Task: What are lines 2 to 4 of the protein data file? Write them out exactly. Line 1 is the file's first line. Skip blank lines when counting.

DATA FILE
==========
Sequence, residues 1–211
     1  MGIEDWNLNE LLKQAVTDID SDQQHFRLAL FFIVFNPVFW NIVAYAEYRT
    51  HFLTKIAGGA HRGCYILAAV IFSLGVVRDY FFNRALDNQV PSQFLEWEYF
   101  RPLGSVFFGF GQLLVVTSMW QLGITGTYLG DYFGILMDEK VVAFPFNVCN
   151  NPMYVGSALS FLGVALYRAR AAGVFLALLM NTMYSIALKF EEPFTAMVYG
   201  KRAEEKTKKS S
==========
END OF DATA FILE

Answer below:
     1  MGIEDWNLNE LLKQAVTDID SDQQHFRLAL FFIVFNPVFW NIVAYAEYRT
    51  HFLTKIAGGA HRGCYILAAV IFSLGVVRDY FFNRALDNQV PSQFLEWEYF
   101  RPLGSVFFGF GQLLVVTSMW QLGITGTYLG DYFGILMDEK VVAFPFNVCN